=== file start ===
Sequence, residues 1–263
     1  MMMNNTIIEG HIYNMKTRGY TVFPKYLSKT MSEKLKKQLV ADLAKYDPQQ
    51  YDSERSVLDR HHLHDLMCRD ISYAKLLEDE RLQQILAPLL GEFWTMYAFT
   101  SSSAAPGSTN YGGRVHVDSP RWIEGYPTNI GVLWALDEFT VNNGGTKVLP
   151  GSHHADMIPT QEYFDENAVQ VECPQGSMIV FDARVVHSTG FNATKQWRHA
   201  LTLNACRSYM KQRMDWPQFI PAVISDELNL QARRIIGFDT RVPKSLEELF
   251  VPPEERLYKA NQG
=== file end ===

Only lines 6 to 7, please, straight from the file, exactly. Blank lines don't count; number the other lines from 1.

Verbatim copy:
   201  LTLNACRSYM KQRMDWPQFI PAVISDELNL QARRIIGFDT RVPKSLEELF
   251  VPPEERLYKA NQG